Radioactive water features a significant presence of some natural elements with proven radioactive properties, including radon, radium, actinium, thorium and uranium in a content exceeding 50/80 Mache units.
Potentially hazardous to human health at high concentrations, the radioactive elements present in the water turn into a resource for the organism in the amount falling into a particular water category and have been used in numerous thermal facilities since the Seventies.
The main therapeutic resource of radioactive water results from the presence of radon, a gaseous substance produced by the emission of an alpha particle from an atom of radium. Radon is easily absorbed in human body through the mucous membranes of the skin, as well as through the respiratory and digestive system, through which it is then easily eliminated.
Radon is not hazardous to the body, because its radioactivity decays in less than 4 days; therefore radioactive water should be taken at the appropriate centres located in proximity of the source, thus preserving its properties.
Depending on the level of radioactivity, radioactive water can be divided into the following categories:
- light radioactive water with a radioactivity level not exceeding 30 nC/l
- intermediate radioactive water features a radioactivity level between 30 and 150 nC/l
- strong radioactive water has a radioactivity level greater than 150 nC/l
At biological level, radioactive water exerts different effects on the organism, based on the types of minerals that it contains, according to a pattern which matches diuretic properties with radioactive oligomineral water and anti-inflammatory properties with salso-bromo-iodic water. The difference with respect to its category is determined by the energy released by the radioactive water, which increases the properties of the water of reference through ionization.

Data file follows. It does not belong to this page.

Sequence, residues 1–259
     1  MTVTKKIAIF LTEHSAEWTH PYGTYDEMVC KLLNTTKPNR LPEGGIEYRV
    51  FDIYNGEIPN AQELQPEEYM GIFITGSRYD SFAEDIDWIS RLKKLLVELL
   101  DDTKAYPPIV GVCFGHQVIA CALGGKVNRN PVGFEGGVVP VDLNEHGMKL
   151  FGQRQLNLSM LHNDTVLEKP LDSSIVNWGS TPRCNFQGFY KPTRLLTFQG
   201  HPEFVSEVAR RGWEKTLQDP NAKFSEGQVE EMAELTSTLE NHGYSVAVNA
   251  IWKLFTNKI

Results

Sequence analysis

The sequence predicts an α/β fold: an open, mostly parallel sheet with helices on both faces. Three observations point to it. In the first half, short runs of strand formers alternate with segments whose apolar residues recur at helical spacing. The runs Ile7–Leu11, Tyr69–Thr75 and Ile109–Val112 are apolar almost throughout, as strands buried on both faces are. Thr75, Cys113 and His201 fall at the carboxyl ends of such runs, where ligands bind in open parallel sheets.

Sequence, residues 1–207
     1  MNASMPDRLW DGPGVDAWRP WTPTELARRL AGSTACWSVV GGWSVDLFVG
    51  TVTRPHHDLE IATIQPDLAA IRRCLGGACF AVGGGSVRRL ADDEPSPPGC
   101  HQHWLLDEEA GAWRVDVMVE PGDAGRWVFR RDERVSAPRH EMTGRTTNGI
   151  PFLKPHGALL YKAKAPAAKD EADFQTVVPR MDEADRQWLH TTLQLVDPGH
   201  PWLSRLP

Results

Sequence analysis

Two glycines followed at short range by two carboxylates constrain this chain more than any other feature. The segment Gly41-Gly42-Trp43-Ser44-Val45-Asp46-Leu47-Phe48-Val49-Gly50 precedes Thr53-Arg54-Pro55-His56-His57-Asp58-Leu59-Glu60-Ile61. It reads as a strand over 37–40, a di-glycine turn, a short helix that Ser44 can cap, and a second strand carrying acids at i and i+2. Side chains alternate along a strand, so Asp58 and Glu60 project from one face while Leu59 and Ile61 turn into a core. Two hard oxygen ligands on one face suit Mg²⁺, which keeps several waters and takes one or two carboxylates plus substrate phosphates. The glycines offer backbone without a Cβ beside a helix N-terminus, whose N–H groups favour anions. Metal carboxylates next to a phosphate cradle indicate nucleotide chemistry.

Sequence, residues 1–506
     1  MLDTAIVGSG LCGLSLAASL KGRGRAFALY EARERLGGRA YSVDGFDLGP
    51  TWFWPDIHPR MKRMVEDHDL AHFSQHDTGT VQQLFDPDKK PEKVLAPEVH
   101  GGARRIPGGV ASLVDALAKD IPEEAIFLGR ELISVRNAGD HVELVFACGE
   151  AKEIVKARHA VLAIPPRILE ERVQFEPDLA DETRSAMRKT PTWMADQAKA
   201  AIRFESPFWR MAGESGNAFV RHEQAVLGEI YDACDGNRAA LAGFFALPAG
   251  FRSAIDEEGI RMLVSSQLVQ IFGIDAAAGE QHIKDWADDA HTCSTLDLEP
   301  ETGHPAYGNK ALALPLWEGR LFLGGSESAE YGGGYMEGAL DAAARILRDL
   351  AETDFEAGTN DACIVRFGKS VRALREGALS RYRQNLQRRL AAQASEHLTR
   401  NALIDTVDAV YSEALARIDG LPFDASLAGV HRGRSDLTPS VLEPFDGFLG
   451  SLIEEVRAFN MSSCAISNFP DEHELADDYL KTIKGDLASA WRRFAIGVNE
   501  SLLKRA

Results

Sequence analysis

As for the nervous system, the radioactivity of the water has analgesic and calming effects which make it particularly suitable for neurological therapies exploiting the activity of cholinesterase, a family of enzymes attesting to the liver function and the transmission of nerve impulses, leading to a faster inactivation of acetylcholine, a molecule which acts as a chemical mediator in the transmission of nerve impulses.
Some experiments have shown that patients suffering from allergic asthma treated with radioactive water therapies are less subject to the risk of death from anaphylactic shock with respect to patients treated with non-radioactive water.
It has been scientifically demonstrated that radioactive water exerts positive effects on the female genital system. In particular, treatments based on radioactive waters lead to an increase in the estrogenic activity through the pituitary and diencephalic stimulation, improving the menstrual cycle regularity and the vaginal environment in case of chronic or dystrophic inflammations.
Radioactive water is mostly used for hydrotherapy, mud therapy, irrigations, inhalations and hydro-massages.